Every year on April 12, I perform a series of adult birthday rituals.
I call someone who sent me something that I somehow misplaced, a document which contains information I need to finish filing my taxes. I vow to be more organized next year, and to do taxes in February. I text message my friends about how much I should bill the government for the time it took me to get everything pulled together. I submit the returns and take myself out for happy-birthday-done-with-taxes-starbucks. I revel in my newfound freedom from the IRS and think about what it means to be another year older. And I usually hack out a quick blog post. It’s kind of become my routine.
This year I am thirty, which is KIND OF A BIG DEAL. I’m more tired than excited about most things, which makes me feel a little old. This year may have been the most intense and best one yet. I am still not ready to think about upcoming goals, necessarily, but both of my children are magically napping at the same time, and I have been thinking about the things I’ve learned in the last few years.
– Plenty of good advice does not apply to me. Maybe I’m reading different books, maybe blog articles have changed, maybe I’m giving other people a better picture of life when I ask them a question? Those are possible, but I also think I’m much quicker to discern when something that could be right for someone else is not going to work out for me. I don’t feel guilty if so-and-so advised me to take one path and I do something else.
– I have to work with my personality, not against it. The first time I took a Myers-Briggs Type Indicator test, I was 17 years old and told an adult what I had learned: Of the sixteen personality types profiled in their system, I was an “ENFP” – I liked keeping lots of friends, working with people, having deep conversations, creativity, dreaming about possibilities, starting new things (and struggling to finish them), and I was driven to find meaning in the world around me. Reading the description was like reading my own diary! The person I was sharing this with told me that sounded like a celebration of immaturity more than an explanation of who I was. (I don’t think they meant to be hurtful. And like I said, I’m not taking bad advice personally anymore.) Every time I’ve taken one of those MBTI tests since then it has told me I’m … an ENFP. After thirteen years, I don’t think this is something I’m going to grow out of. Most of the frustrating circumstances I’ve faced in my adult life have been magnified because I considered my personality a hindrance. Yes, I have to finish projects, and yes, I have to handle details even when I would rather find meaning in the world around me. But I’m also seeing now that I’m going to accomplish a lot more by embracing who I am, even if it’s a little more all-over-the-place than whatever standard of personal maturity I’m measuring myself against.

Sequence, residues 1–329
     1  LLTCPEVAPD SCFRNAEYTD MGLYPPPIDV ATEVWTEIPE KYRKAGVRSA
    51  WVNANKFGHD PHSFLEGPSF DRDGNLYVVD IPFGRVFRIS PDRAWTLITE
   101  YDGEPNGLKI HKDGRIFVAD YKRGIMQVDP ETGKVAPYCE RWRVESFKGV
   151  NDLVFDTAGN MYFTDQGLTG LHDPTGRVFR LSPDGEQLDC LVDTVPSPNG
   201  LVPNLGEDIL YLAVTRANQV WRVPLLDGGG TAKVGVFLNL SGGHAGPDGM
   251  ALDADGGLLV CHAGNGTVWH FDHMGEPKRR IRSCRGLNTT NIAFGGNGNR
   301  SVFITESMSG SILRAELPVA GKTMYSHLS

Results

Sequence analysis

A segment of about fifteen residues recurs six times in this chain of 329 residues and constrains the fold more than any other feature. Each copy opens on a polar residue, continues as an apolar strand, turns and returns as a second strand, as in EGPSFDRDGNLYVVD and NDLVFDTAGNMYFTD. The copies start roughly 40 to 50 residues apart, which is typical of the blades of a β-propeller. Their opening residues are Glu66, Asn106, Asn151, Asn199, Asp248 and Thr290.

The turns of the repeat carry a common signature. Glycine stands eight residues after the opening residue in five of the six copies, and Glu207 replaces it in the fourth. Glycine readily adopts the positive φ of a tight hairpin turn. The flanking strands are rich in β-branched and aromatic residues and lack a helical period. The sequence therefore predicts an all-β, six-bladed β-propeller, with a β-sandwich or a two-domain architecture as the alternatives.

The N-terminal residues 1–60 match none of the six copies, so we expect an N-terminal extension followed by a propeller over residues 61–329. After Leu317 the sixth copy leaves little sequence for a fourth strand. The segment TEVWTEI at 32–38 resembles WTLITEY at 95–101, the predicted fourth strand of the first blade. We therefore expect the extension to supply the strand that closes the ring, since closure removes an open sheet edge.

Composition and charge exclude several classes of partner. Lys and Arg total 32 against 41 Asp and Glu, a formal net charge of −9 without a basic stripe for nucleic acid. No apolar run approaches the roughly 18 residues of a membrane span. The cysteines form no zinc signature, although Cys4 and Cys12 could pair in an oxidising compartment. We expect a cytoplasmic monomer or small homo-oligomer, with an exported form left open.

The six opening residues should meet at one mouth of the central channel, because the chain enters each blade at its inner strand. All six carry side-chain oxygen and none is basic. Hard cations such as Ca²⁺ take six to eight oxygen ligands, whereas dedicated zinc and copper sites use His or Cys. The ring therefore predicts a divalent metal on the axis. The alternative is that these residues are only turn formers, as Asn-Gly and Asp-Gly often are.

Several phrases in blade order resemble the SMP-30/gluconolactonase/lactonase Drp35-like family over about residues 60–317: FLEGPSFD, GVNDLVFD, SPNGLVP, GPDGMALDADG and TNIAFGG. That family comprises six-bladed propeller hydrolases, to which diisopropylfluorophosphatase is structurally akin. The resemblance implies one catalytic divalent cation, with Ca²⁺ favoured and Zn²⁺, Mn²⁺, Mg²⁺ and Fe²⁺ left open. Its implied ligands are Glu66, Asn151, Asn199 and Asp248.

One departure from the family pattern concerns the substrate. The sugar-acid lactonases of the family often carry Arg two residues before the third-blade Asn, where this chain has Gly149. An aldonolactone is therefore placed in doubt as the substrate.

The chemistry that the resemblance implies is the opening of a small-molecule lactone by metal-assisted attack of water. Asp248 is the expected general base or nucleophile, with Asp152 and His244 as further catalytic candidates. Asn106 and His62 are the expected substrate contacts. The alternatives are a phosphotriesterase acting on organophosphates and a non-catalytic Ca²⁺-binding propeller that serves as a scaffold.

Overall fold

– It is very possible that I was born 30 years old. Other people talk about the shows they’re watching on Netflix, but Aaron and I have nothing to say: we have accepted that we strongly lean towards the WW2 documentaries. (Every so often I tell him I know the good guys win, but I can’t handle any more Hitler and we watch space exploration documentaries, which are also fairly depressing.) Other than that, waking up to hot coffee is my idea of a good morning. I have Birkenstocks and a minivan. I kind of feel like I’m living the high life.
– Real life is changing my reading preferences. My favorite genre in high school and college was utopian/dystopian fiction. Talking about the subtle nuances between those two terms for a few hours would be my idea of a good time. I’ve read Aldous Huxley’s Brave New World at least six times. I had portions of George Orwell’s 1984 memorized for a while. I took a college class where we surveyed Utopian fiction throughout history and considered it the most fascinating experience of my life. I was thrilled that so many people read the Hunger Games because I could finally talk to other people about an alternate reality world. Maybe growing up means becoming more in tune with reality? I wonder, because we really branched out from our WW2 documentaries and watched V for Vendetta this month. Instead of being fascinated, I kind of felt like I was watching the news.
– Politically-oriented talk radio is a terrible way to fill your brain. Even if the majority of the facts are correct, the way something is communicated matters. Consuming rants and inflammatory programming appeals to pride and our desire to be right, but often costs us our ability to disagree respectably.
– It’s not always worth it to save money. Do I need to be cutting edge on everything? No. But savings is not the highest goal in life, and many of the cost-cutting measures we have utilized in the past 8 years have cost us in other ways more than we saved financially.
– Better to admit I’m wrong later than to wish I’d said something true sooner. I can trace my own fear of being wrong as the source of many tough situations in the last few years, and (humbly) going out on a wing to say something unpopular or new has always been worth it. Sitting on something I feel strongly about usually means it just blows up later because yes, things were unwell, but I’m not even in a great position to recover well because I KNEW IT and I HAVE BEEN RIGHT ALL THIS TIME, when speaking up sooner probably would have saved going down a bad road in the first place.
– Loving someone is never wasted. With moving so much, it can be easy to see how much it has cost me to love other people and wonder if it was actually worth it, especially in relationships that drop off when we aren’t close by. It is hard, but good, to trust that God is accomplishing his purposes through friendships that are short, stilted, and interrupted, even when it seems like it might have been pointless.